I felt like a mad scientist - measuring, weighing, grinding, sifting, thermometer'ing' and controlling just about everything I could while making the bread. It rose beautifully and strong. I could see the fullness in the top of the risen dough, it didn't look puffy or holey. Nervously I placed it into the preheated oven and hoped for the best. Under an hour later it was looking fantastic. It didn't sink! The loaf was still standing strong and smelt heavenly! But its not until you slice into the bread that you know you have won and this you have to wait till the bread is completely cooled. The next day I took my serrated knife and gently started cutting into the bread...........I wept with joy! Success!


Getting back to the start when I said I felt compelled to share my discoveries, these discoveries are the essential keys in successfully baking a loaf of gluten free bread. In no specific order:
The Environment - depending on where you live, northern hemisphere, southern hemisphere, low altitude, high altitude, these factors play a part in bread baking. Amazingly enough it's true. The climate between the two hemispheres are quite different and climate means how much or how little moisture there is in the air and the extremities of temperature depending on what season it is, these factors affect the dough's habitat just like it affects us. The altitude is a matter of gravity and since we are working with something, yeast, that rises working against gravity, if you live in a high altitude place you may experience your bread rising quicker than stated in the recipe and vice versa for low altitude.
The Ovens - as I said earlier being a housesitter I have used several ovens for my baking and each time I have different results. Some ovens work hotter than others, some are fan ovens and some maybe older and have leaks in the seals allowing for heat to escape and making the ovens thermostat work over time resulting in a inconsistent heat. This just requires patience and getting to know how your oven works and adapting your baking time and temperature.
The Actions - these things are what you do to bring the recipe together, those little tips you find along the way that you feel has helped you with baking your bread. Don't ignore these the next time you go to bake your next loaf, write down specifically what you did and why, and work on your skill, your craft each time you bake. I have followed the same recipe yet chose a different method or did something different in the instructions for whatever reason and have noticed the results to be either wonderful or not quite what I was hoping for. All take part in the results.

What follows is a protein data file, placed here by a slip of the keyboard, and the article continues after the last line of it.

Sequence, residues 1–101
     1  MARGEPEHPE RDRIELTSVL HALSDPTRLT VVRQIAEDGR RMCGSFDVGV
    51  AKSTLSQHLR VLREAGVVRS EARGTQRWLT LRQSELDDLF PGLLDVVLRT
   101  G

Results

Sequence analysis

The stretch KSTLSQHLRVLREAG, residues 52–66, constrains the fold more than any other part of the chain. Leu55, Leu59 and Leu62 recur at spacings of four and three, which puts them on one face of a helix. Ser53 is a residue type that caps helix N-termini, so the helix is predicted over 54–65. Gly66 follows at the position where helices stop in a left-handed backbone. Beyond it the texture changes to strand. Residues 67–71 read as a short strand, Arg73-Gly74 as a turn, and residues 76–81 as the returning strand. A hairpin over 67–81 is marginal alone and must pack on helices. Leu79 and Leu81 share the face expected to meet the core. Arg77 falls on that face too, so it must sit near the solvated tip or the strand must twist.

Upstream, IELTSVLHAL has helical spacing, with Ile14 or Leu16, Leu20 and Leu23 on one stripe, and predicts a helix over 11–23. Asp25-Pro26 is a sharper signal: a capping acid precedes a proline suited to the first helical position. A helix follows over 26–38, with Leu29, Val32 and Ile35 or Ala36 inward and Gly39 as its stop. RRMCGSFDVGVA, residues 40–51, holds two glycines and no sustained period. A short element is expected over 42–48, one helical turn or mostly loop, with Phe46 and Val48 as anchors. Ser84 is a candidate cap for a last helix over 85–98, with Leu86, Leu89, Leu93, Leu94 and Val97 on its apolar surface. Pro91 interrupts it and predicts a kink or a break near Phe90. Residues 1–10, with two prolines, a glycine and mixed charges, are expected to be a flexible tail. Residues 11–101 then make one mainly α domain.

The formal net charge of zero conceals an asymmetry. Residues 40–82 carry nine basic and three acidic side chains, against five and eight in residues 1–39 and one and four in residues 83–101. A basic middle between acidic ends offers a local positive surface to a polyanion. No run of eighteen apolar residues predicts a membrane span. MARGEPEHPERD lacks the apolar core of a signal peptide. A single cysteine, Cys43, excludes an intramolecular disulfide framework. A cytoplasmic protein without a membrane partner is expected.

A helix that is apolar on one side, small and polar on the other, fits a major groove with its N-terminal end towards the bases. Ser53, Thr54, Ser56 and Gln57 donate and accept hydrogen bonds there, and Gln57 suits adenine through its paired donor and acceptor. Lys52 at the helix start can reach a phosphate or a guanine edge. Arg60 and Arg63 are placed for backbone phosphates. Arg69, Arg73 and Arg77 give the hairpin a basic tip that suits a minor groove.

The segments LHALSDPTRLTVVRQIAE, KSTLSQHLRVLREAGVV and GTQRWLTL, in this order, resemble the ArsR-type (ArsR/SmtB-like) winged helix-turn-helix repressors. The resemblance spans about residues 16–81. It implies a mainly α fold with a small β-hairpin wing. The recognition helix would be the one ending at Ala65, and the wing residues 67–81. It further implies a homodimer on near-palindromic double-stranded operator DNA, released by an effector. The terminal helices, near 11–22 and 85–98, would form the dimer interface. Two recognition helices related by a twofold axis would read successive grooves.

The Will - this can only bestowed by yourself. Don't lose faith if you are having failure after failure. Research. Ask questions. Try again. Don't be scared to let go of those little things that were working for you and are now not. Find new ones. Try new recipes. Experiment. This is the only way you will become a successful gluten free bread baker, trust me!
Now If you have read this lengthy post hoping to find perhaps the clue, the secret in baking gluten free bread well there isn't one. It's all trial and error my friends. And eventually if not sooner, the trial and error will be tried and true! And if you didn't read this post and went scrolling down looking for the recipe, well it's not here, that's the next post. But please do read this as it will help you with your baking ventures.....................and stay tuned.

Saturday, 22 November 2014

Improved Gluten Free Sandwich Bread Recipe.


From what I have been seeing over the past year, just like cars and technology, gluten free bread is being upgraded with new and improved recipes. Curious as I am to this and always fine tuning my own recipe, I embarked on a trial and error series of several recipes that I had drafted together. I gathered my research from recipes I had been studying that used ingredients I hadn't tried in gluten free bread baking. But after seeing such great and successful results I had to try these recipes out for myself.


The recipe I have settled with (for now) is adapted from Fork and Beans Gluten-Free Vegan Bread recipe. I followed the recipe near true to form with the change of flour blend and binders. I also adapted the method in making the bread. I was pleased with the results. The pictures say it all! Soft yet strong bendy bread with a golden crust, even crumb and great flavour!


So without further delay, here is my new and improved gluten free bread recipe.

Gluten Free Sandwich Bread


Wet Ingredients:
240 ml warm plant-based milk - soy, rice, oat milk etc
240 ml warm water
3 tbsp vegetable oil
2 tsp white vinegar
2 tbsp pysllium husk
1 tbsp chia seed
1 tbsp flaxseed

Dry ingredients:
420 g gluten free flour blend (see below)
1 tsp baking powder
1/2 tsp baking soda
1/2 tsp salt
2 tsp sugar
1 sachet of instant dried yeast

Directions:
Grind psyllium husk, chia seeds and flaxseeds to a course powder in a coffee grinder.
In a large bowl, whisk together the dry ingredients.
Whisk the milk, water, oil, vinegar, and ground binder mix until well-combined. Allow to sit for 2 minutes to coagulate.
Pour the wet ingredients into the dry and mix with a spoon until just combined. Spoon the dough into a 9x4x4 lined loaf pan. Dip your hand or spoon into water to smooth out the top and very gently press down to ensure the dough is distributed evenly and there are no gaps/holes.
Warm your microwave oven by heating a cup of water for 1 minute or until boiling. This provides a warm and moist environment for the dough to rise in.